Special Report - Celebrating 40 Years of Science & Discovery
EMSL Grand Challenges expected to produce grand advances
In an effort to continue to strengthen and focus its user program, PNNL's Environmental Molecular Sciences Laboratory (EMSL) is challenging the traditional approach to research. EMSL scientists are designing an alternative approach geared toward making the rapid integration of scientific findings a part of the scientific process from the beginning. The result is the Scientific Grand Challenge, a coordinated, multi-investigator research effort to resolve a challenging scientific issue.
Designed to last three to five years, Scientific Grand Challenges pose a significant scientific question that requires access to EMSL's cutting-edge resources—specialized instruments, computational tools and research teams. Additionally, Grand Challenge research at EMSL is possible through collaborative, interdisciplinary science teams assembled from PNNL, academia and other national laboratories.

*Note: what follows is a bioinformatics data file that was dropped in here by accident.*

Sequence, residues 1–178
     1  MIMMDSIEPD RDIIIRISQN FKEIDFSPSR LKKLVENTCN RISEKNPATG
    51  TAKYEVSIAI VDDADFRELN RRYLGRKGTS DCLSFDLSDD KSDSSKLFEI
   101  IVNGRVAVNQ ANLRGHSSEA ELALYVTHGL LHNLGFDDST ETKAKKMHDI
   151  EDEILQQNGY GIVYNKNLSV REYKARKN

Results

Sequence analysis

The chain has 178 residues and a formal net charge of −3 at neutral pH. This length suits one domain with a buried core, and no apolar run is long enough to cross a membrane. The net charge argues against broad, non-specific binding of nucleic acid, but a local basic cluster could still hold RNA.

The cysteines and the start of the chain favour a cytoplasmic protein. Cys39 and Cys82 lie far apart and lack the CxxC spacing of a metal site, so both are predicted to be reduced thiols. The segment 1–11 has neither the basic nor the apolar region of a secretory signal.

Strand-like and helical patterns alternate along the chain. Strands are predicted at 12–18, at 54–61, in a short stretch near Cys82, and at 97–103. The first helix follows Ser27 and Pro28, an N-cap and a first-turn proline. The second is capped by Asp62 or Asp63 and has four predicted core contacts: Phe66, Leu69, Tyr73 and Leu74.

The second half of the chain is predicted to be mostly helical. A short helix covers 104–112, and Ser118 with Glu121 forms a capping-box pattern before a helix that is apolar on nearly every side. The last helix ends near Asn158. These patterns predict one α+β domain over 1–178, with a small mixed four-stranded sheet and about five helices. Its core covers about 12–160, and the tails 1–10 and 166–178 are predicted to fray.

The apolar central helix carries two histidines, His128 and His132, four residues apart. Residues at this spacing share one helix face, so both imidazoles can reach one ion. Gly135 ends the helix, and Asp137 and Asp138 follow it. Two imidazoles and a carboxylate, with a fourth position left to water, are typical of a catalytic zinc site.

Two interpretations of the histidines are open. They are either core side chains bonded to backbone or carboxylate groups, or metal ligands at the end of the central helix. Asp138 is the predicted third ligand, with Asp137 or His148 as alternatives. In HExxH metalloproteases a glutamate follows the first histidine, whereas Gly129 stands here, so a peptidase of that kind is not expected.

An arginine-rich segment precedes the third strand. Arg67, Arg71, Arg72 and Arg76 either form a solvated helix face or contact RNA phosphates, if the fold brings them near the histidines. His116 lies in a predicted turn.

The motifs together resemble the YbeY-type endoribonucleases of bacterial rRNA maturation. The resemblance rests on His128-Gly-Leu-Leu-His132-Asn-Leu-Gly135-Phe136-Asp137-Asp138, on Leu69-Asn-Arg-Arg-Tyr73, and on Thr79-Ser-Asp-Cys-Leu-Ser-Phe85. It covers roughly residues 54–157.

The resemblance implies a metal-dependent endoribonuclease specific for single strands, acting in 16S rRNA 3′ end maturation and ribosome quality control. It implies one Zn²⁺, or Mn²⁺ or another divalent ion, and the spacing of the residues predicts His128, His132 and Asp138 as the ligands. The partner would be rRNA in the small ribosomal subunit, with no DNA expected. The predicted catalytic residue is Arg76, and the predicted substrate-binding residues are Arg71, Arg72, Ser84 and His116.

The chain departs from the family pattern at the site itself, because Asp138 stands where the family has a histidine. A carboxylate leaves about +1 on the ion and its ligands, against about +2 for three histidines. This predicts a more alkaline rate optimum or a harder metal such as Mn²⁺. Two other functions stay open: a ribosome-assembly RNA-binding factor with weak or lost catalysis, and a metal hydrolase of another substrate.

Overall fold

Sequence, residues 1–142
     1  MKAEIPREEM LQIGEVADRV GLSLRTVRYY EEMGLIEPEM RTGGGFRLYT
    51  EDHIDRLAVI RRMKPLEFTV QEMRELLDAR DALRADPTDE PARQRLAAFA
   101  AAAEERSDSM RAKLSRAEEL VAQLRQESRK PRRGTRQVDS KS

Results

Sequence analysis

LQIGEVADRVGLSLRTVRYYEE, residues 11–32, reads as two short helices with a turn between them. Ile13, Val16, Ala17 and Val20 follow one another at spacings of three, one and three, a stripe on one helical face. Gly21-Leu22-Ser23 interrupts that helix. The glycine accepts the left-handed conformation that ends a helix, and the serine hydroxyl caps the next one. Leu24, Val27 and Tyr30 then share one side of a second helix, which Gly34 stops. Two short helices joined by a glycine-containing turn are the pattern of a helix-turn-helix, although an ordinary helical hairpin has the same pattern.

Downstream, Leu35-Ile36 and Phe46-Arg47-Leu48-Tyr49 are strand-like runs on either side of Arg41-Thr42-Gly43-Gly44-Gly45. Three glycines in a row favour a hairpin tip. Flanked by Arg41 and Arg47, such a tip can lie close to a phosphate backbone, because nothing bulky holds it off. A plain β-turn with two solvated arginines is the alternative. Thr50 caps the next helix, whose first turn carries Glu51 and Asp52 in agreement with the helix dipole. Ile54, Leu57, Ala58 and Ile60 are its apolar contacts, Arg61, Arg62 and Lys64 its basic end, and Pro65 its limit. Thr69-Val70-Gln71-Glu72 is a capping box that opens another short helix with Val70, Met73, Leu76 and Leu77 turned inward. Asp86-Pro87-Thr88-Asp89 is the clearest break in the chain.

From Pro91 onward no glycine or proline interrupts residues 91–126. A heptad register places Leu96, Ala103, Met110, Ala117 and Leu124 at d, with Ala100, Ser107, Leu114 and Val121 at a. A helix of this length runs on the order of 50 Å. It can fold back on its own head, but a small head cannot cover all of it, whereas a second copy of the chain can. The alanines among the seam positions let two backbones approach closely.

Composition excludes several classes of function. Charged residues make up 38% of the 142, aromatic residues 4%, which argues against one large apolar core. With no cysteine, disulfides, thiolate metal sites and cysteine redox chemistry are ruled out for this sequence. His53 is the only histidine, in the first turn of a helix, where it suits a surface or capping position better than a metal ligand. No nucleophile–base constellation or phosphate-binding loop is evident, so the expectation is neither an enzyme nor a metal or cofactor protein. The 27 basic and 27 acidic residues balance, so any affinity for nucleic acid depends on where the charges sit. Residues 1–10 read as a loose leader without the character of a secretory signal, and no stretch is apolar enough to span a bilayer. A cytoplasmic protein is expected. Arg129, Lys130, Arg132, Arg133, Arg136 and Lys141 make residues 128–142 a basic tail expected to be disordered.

"These teams bring together international expertise to advance an area of science in ways that haven't been possible before," said Allison Campbell, interim EMSL director.
One key to integrating these teams is to provide rapid feedback to all science team members. "Through EMSL's unique suite of instrumentation and expertise, teams will have ready access to data, samples and feedback on their experiments," said Campbell. "This type of integration will rapidly drive answers to the questions of the Grand Challenges."
Two Grand Challenges are currently under way, with teams of scientists from several disciplines and institutions approaching each challenge from several different directions simultaneously.
The first focuses on a biogeo-chemistry question concerning the fundamental interaction between microbes and minerals. This project is led by PNNL researchers and involves roughly 20 primary investigators. The biogeochemistry Grand Challenge has implications for everything from understanding energy and nutrient transport in microbial and mineral systems to waste remediation.
The second Grand Challenge is in membrane biology—addressing the structure and function of proteins in the cell membrane—and is led by researchers at Washington University in St. Louis. Membrane processes are critical to solving highly complex problems related to carbon sequestration and energy transduction. Results from this study will have implications for providing enabling technologies to examine complex biological processes—allowing better understanding of how organisms behave and respond to environmental changes.